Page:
Vitamin D

Vitamin D plays several key roles in your body. Most importantly, vitamin D helps your body absorb the minerals calcium and phosphorus from the food you eat, which is important for bone health.

Many Americans have been found to have low levels of vitamin D. The reasons for this include low availability of vitamin D in food sources, increased time working indoors, and possibly increased use of sunscreens (since sunlight helps the body produce vitamin D).

Certain people may benefit from vitamin D supplementation. However, there is conflicting evidence about the amount of vitamin D that is safe and effective, or even necessary, to use as a supplement.

Why do people take vitamin D?

Vitamin D is important for people with osteoporosis. Studies show that calcium and vitamin D together can increase bone density in postmenopausal women. Vitamin D also helps with other disorders associated with weak bones, like rickets.

People who have low levels of vitamin D may need supplements. Vitamin D deficiencies are more common in those who:

Vitamin D deficiency is commonly seen in people living in the Northern parts of the U.S.

Vitamin D deficiency may cause hormone problems, muscle weakness and pain, and other symptoms.

Studies have found prescription-strength vitamin D lotions helpful in treating psoriasis. Vitamin D has also been studied for other conditions ranging from cancer prevention to high blood pressure, but the evidence is unclear.


How much vitamin D should you take?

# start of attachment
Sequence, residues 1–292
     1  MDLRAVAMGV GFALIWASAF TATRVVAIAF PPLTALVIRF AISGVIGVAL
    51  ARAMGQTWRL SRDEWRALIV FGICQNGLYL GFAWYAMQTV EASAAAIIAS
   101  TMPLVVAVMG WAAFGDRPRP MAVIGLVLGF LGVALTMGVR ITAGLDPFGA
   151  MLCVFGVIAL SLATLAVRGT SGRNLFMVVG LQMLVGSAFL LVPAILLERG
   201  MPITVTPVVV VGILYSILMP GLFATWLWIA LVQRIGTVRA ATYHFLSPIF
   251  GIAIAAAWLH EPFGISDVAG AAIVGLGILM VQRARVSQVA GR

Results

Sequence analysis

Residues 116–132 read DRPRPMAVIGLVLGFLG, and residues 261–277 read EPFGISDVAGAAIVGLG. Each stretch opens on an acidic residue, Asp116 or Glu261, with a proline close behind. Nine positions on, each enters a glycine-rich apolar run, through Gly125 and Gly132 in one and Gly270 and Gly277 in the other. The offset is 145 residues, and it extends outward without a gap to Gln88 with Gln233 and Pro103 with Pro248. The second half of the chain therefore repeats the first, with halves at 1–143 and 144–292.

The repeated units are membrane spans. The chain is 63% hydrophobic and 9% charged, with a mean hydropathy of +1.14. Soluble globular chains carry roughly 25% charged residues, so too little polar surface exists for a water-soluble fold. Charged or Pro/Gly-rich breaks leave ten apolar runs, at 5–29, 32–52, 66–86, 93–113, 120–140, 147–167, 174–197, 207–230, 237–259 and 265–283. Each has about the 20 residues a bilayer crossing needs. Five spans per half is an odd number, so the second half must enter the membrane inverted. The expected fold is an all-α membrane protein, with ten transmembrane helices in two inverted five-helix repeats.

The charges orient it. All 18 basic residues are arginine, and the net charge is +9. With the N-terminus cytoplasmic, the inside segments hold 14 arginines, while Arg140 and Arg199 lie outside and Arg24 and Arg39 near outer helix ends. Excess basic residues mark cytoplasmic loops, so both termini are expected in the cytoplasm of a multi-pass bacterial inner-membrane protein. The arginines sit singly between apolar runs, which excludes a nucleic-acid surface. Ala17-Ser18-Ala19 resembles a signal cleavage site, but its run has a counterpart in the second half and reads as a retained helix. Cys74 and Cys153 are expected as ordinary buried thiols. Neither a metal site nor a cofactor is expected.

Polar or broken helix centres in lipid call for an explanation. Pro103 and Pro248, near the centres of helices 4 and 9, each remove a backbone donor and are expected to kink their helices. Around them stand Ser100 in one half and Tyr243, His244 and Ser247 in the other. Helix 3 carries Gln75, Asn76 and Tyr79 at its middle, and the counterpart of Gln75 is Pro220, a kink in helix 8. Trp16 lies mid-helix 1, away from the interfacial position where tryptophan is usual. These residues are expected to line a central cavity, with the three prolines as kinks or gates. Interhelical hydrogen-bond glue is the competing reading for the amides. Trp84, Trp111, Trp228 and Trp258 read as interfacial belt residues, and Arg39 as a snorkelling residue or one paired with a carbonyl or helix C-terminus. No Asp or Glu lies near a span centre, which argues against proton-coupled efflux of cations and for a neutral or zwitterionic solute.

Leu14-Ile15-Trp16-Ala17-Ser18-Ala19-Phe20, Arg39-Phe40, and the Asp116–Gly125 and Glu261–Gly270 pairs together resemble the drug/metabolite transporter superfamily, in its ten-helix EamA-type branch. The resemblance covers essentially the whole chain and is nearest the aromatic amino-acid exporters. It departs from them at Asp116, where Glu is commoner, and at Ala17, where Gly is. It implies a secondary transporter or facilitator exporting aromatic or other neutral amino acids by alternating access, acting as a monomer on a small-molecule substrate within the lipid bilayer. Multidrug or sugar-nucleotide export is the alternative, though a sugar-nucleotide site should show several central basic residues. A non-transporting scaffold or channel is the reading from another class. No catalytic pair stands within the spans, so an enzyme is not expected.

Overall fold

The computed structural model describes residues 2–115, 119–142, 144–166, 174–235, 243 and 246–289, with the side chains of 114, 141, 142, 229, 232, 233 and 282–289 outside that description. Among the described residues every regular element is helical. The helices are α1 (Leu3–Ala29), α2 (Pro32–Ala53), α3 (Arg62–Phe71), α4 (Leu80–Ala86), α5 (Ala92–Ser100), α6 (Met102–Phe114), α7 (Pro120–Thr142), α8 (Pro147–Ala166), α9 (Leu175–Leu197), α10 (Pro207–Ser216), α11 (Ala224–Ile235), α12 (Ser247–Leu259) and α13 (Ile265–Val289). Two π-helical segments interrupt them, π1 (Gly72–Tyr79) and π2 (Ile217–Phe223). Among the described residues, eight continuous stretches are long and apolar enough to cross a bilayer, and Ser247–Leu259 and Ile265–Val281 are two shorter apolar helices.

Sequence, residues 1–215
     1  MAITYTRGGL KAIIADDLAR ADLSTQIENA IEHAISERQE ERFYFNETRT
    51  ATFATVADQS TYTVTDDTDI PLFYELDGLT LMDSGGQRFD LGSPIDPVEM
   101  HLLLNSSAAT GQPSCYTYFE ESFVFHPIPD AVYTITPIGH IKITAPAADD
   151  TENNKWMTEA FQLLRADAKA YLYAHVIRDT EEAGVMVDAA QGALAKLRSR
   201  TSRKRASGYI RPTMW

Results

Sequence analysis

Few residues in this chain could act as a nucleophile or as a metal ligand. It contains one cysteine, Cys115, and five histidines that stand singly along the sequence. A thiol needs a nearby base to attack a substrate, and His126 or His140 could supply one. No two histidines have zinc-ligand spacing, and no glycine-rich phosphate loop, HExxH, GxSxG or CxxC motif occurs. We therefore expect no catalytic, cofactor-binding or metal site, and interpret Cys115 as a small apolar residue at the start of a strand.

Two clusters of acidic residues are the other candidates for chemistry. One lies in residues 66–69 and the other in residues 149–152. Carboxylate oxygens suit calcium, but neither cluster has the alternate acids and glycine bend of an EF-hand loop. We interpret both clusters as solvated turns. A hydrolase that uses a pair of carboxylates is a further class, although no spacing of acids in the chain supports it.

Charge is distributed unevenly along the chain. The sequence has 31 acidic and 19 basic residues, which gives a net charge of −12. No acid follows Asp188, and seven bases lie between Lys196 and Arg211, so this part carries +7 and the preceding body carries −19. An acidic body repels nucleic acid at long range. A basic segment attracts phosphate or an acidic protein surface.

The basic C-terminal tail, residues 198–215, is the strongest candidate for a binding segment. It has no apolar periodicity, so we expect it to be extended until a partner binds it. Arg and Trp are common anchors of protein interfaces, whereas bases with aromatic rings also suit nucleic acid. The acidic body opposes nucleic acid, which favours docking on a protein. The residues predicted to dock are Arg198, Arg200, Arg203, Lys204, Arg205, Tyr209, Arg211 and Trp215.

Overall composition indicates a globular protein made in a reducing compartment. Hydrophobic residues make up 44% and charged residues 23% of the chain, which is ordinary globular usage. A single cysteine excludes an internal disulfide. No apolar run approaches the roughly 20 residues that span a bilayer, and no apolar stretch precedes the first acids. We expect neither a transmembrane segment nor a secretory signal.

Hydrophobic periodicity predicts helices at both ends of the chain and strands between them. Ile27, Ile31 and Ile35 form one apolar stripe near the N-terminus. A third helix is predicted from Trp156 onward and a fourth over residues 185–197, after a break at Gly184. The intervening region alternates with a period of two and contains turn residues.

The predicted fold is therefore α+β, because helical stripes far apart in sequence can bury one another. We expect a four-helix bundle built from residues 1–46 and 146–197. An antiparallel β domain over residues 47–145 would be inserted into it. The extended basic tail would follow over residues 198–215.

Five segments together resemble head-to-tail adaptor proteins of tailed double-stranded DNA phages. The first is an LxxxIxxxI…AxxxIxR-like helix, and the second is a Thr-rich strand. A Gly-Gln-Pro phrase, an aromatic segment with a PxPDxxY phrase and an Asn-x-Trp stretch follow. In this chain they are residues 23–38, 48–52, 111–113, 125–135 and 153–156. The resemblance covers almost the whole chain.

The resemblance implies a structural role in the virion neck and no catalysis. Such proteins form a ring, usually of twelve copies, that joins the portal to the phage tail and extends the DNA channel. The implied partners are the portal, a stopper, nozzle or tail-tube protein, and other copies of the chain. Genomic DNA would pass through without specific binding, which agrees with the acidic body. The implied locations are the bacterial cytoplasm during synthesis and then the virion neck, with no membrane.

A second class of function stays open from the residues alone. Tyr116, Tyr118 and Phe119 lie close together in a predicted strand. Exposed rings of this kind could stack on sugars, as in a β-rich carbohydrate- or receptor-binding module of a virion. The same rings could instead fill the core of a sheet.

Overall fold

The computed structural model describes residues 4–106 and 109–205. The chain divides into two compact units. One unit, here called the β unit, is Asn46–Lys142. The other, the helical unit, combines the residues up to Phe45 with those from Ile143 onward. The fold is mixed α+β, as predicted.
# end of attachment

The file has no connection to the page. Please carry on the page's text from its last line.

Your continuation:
The Institute of Medicine (IOM) has set a recommended dietary allowance for vitamin D. Getting this amount of vitamin D from diet, with or without supplements, should be enough to keep you healthy.

  • 600 IU (international units) a day for anyone aged 1-70
  • 800 IU/day for anyone over 70

Some experts think that these recommendations are too low, especially for people at risk of osteoporosis. Ask your health care provider how much vitamin D you need.

Recently the IOM reviewed more than 1,000 research papers on vitamin D and concluded that high levels of the supplement are unnecessary and could be harmful.

The IOM warned that doses above 4,000 units a day were potentially harmful and that doses above 10,000 IU per day are associated with kidney and tissue damage.

Can you get vitamin D naturally from foods?

The best source of natural vitamin D is sunlight. Just 10 to 15 minutes of exposure without sunscreen a couple of times a week usually gives you enough vitamin D.

Vitamin D is also naturally found in butter, eggs, and fish such as salmon, tuna and mackerel. Vitamin D is often added to fortified foods, too, such as milk and cereal.

What are the risks of taking vitamin D?

  • Side effects. At normal doses, vitamin D seems to have few side effects.
  • Interactions. Vitamin D can interact with many medicines, such as drugs for high blood pressure and heart problems. If you take daily medicine, ask your health care provider if it's safe for you to take vitamin D supplements.
  • Risks. Too much vitamin D can cause loss of appetite, frequent urination, and weight loss. High doses of vitamin D can also lead to disorientation and kidney and heart problems.
WebMD Medical Reference Reviewed by William Blahd, MD on July 22, 2015


Institute of Medicine: "Dietary Reference Intakes for Calcium and vitamin D."
Longe, J., ed. The Gale Encyclopedia of Alternative Medicine, second edition, 2004.
National Osteoporosis Foundation: "NOF Scientific Statement: National Osteoporosis Foundation's Updated Recommendations for Calcium and Vitamin D3 Intake."
Natural Standard Patient Monograph: "Vitamin D."
Office of Dietary Supplements: "Vitamin D."
WebMD Feature: "Boning up on Calcium."

National Institutes of Health: "Vitamin D."

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